Why high energy prices are the new normal - despite price cap drop
From July the new Ofgem price cap will bring domestic bills close to £2,000 for the first time in more than a year.
That will be welcomed by consumers and the Treasury, but it signals a new normal of sustained high energy prices that would have been unthinkable prior to the Russian invasion of Ukraine.
First the good news. Ofgem's price cap is based on forward projections of wholesale energy prices and the new level reflects a levelling off in markets that, in January, pushed the cap close to £4,000.
Since October consumers have been protected from the steepest rises by the government's Energy Price Guarantee, which capped average bills at £2,500 for nine months.
That support was scheduled to end in June, in part because forecasts suggested wholesale prices would fall, but it will still have come as a relief to see them realised.
Thus far the Treasury has borrowed £94bn supporting businesses and households through the energy crisis.
The new cap means households will save around £450m, but the end of state support means they will now be subject to the whims of the markets and the wisdom of the regulator to set prices.
Here there is little reason to think prices will continue to fall back. Energy bosses expect wholesale prices to remain stable for the rest of the year and the markets agree, with forward curves broadly level.
Significant easing of inflation as energy costs stabilise
Energy price cap set to remain more than £1,000 higher than pre-pandemic
That means, barring unforeseen shocks, that prices will remain at close to double the long-term average of around £1,000 that applied before the war.
Energy prices have been so volatile and punishing that it is easy to forget what that means.
Elevated bills have made fuel poverty mainstream and millions of households have seen budgets stretched as never before.
Cost crisis likely to persist
Energy suppliers have struggled to adapt too with call centres overwhelmed by customers unable to pay and pre-payment meters, a last resort intended for the most extreme cases of non-payment, forcibly installed in close to 100,000 households.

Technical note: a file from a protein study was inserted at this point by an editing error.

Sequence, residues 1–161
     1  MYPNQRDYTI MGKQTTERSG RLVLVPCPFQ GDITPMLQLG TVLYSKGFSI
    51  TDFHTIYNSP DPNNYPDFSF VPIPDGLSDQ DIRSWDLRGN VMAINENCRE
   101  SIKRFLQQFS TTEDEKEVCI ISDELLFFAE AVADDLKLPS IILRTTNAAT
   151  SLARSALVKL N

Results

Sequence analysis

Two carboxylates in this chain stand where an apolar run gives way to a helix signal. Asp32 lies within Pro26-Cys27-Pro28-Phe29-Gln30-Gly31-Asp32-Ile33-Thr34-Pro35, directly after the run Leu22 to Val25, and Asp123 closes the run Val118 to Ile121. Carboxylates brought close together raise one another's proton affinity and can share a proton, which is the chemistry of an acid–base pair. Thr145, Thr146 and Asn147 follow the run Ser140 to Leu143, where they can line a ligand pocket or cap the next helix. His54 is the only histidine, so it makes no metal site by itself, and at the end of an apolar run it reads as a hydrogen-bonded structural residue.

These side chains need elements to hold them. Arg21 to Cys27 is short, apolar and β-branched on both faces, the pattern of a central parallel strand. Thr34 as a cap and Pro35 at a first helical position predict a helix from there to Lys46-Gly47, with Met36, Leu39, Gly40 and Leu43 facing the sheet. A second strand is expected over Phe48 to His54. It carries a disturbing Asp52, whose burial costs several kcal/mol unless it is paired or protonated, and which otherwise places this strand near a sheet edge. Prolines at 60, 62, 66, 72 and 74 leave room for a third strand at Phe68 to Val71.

Add the inflationary impact of energy prices on every other area of consumption, particularly food, and you have a cost of living crisis that will persist without fundamental reform of the market.
There are several options that might bring household bills down but none that avoid someone having to meet the real cost of energy.
Ofgem supports the introduction of a 'social tariff' that would offer a reduced rate to the least well-off households.
The regulator is already talking to the water industry and local authorities about identifying households that struggle with paying for basic utilities and ministers have made encouraging noises, but it would have to be underwritten by the taxpayer, or by an additional charge on other bill payers.
There are other technical changes that could remove some cost.
So-called "green levies" applied to electricity costs could be switched to gas, more accurately reflecting the environmental impact of generation, but the taxpayer would have to fill the gap.
Ultimately elevated energy prices are the price of removing Russian oil and gas from our energy mix, a hole we cannot yet fill from the growing renewables sector and cost of war that we may have to get used to.